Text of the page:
22 March 2016

There will be periods in your child’s life where their favourite toy might certainly be the cardboard box that housed your new washing machine or the pot collection from your kitchen cupboard. It’s great to encourage your child’s imagination and introduce play with a range of safe household objects as they grow, however stimulating your child’s sight, touch and hearing right from birth is vitally important.

The first year in your baby’s life is all about discovery as they develop their senses and learn how to interact with the world around them. Toys that concentrate on these areas and use bright colours, sounds, textures and are easy to grasp are excellent choices. Newborns have limited sight for the first few weeks, with vision only extending to approximately 30cm away. Toys with high contrast or black and white patterns will be most effective in capturing your infant’s attention.

Our little cars

Photograph by Kidsii


Toys are designed to be fun, but it pays to keep safety in mind when considering the toys you give to your child at the different stages in their life. Always look for the age recommendations on the packaging for a start. Many toys have pointy corners or small parts, which can be potential choking hazards and are not suitable for smaller children. Another thing to think about is cords or ties. Longer cords can form loops, which are also potential choking hazards. Cot mobiles can be an example of this, and should always be kept out of reach of your child. If your toy plays music, ensure the speaker is not placed too closely to your baby’s sensitive ears, and always do a general check of the state of the toy. Toys in good condition are less likely to break or cause any kind of injury.

“Toys develop the minds of our young ones”


Soft toys, spinning toys, toys for teething and toys for learning. Some parents feel like their houses become a giant toy box, but many toys have very specific purposes. Here are just a few:

Kids love our balls

Photograph by Kidsii

Rattles |  Rattles stimulate your child by responding to movement with noise. Rattles are great for children who are able to grasp, hold and move an object, although Keeko has a wrist rattle version for younger babies that straps to the arm.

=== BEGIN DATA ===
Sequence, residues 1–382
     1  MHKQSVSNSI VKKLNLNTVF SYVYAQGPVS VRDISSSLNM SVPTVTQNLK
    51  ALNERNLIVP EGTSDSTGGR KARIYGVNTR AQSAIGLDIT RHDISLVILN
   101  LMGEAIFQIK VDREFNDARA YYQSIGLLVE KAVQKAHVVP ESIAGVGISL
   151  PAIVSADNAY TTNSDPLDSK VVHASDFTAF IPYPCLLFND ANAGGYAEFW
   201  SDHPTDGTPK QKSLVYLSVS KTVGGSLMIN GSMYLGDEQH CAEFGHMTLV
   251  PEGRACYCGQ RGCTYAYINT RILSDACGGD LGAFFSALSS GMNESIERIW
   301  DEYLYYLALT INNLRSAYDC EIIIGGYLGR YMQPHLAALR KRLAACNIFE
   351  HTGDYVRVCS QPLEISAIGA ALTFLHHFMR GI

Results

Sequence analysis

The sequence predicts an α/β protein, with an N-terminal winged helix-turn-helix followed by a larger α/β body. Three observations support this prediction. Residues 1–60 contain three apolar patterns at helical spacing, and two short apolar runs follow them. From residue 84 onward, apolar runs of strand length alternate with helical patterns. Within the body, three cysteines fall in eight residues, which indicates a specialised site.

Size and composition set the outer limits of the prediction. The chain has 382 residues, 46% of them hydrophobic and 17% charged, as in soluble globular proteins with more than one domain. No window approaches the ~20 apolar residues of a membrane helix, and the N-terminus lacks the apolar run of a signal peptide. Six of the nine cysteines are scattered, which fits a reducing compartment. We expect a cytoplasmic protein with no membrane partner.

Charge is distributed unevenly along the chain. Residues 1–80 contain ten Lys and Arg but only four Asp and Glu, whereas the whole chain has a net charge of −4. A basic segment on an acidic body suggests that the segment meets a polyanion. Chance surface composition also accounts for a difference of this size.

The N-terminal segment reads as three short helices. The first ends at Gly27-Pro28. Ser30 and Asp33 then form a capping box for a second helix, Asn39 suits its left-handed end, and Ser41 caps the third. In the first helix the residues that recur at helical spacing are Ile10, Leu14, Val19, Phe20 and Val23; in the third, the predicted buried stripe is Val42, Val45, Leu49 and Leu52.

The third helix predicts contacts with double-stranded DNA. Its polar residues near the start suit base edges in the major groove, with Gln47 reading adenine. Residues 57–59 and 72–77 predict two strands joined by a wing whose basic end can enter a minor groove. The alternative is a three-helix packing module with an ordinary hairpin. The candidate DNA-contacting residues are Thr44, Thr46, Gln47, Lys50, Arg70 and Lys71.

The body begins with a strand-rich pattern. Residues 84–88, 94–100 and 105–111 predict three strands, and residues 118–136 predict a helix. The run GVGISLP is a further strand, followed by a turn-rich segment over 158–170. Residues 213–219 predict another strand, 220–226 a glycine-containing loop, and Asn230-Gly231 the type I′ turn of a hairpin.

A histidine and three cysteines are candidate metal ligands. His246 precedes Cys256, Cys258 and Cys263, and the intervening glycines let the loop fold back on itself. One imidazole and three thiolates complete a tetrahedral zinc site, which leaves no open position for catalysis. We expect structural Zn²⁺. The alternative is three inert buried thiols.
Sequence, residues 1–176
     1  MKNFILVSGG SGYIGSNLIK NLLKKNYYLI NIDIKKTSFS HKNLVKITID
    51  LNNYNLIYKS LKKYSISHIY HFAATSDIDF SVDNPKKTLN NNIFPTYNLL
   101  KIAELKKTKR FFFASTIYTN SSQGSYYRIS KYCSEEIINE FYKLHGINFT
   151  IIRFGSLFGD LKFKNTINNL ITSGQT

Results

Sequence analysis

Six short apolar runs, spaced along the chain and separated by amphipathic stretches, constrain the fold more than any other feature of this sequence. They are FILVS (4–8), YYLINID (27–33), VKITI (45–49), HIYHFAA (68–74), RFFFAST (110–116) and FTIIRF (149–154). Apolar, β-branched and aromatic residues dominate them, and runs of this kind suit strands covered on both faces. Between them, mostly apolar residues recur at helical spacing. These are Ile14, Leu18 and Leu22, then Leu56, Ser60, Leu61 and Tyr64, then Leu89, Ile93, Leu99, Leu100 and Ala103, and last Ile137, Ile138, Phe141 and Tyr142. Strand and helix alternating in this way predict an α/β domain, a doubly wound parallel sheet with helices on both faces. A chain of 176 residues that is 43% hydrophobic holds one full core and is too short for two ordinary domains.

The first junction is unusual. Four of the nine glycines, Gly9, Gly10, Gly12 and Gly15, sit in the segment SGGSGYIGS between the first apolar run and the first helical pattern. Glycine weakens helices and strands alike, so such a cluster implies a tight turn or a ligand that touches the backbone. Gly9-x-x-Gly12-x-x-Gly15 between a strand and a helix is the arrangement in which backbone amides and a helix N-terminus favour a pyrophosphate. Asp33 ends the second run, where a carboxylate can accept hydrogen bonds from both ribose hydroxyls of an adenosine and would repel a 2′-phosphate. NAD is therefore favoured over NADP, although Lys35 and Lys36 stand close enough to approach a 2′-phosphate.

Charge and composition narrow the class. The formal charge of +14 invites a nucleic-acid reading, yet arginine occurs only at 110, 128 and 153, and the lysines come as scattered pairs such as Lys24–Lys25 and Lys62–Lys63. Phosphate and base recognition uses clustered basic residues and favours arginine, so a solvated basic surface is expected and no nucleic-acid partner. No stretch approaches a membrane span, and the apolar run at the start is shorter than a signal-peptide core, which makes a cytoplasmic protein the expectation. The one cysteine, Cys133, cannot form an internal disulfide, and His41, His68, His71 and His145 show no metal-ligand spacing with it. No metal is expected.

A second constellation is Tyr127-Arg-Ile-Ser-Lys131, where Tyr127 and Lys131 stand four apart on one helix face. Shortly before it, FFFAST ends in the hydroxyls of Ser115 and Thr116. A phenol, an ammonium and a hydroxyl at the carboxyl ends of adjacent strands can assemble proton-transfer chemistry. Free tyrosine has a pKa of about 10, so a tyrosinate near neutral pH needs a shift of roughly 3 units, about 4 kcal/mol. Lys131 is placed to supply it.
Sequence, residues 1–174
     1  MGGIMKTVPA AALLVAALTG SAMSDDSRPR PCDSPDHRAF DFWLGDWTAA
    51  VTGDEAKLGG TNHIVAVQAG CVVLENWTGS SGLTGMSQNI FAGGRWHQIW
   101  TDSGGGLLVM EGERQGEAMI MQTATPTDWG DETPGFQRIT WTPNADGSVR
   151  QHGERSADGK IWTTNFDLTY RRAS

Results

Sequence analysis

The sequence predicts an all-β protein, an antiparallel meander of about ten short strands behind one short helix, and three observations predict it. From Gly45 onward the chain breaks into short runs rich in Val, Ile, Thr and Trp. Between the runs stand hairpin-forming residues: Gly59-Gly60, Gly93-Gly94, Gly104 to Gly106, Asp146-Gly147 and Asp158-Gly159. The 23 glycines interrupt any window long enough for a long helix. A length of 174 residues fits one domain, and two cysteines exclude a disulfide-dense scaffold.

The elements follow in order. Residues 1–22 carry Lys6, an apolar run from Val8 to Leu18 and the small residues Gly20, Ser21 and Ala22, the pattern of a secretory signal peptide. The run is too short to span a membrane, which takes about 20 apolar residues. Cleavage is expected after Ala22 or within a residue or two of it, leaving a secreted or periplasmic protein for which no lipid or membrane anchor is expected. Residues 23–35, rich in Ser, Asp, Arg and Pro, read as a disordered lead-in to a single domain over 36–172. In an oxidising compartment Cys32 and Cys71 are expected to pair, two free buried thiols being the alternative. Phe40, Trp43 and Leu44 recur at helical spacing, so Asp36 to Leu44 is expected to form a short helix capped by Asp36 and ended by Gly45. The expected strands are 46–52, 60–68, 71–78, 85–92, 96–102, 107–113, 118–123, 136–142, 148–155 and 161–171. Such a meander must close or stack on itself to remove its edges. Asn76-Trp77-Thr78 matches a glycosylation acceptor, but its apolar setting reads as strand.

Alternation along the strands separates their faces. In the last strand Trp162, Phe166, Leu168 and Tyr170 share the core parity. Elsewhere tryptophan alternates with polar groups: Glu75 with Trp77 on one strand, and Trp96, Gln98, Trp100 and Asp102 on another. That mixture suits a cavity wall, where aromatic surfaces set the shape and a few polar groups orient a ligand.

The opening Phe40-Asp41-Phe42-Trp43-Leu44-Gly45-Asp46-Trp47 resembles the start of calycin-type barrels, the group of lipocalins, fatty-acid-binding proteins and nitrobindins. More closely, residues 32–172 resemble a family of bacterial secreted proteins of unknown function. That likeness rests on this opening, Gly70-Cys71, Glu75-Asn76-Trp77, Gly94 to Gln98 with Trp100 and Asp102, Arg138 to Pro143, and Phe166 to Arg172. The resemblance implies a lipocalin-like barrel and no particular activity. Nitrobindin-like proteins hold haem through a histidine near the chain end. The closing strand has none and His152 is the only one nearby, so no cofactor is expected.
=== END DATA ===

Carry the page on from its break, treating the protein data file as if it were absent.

Teethers | Teethers offer a reprieve to sore gums, allowing your baby to chew and apply pressure relief to sensitive areas. Teethers can be water filled or feature chewable plastic parts perfect for biting on and come in a range of shapes and sizes – some even double as jewellery for Mums! Look for varieties you can put in the fridge for cold relief such as the Keeko Icy Bite Ring Teether.

Mirrors | Babies are drawn to faces. In fact at a young age round objects simulating the shape of a face are very attractive to young eyes. Baby mirrors can be a fantastic object to aid in self-discovery and will fascinate your baby as they watch their own reflection.

Playmats | Tummy time…that’s what playmats are all about! Encouraging your child to enjoy this developmental position, which will eventually lead to pushing up and crawling is vital. Playmats can make this time fun and engaging, with many varieties offering music, toys and even movement. Playmats offer a space for your baby to lie and play, providing a natural barrier around them (great if you have pets!)

Plush Animals / Blankets | Children can become attached to a particular toy, and soft toys or blankets are often the prime candidates for such affections. Soft toys can be great to help your child have a sense of security, and are also good for promoting a bedtime routine.

Musical Toys | Right from in the womb, music can help develop nerve cells in the brain. It is no wonder that toys featuring music are great for development. There are a range of baby instruments available such as xylophones and maracas, which are brightly coloured and encourage your child to make their own music. More electronic musical toys can also offer hours of fun such as the Chime Garden, offering sweet sounds when your baby touches a flower and different musical modes.

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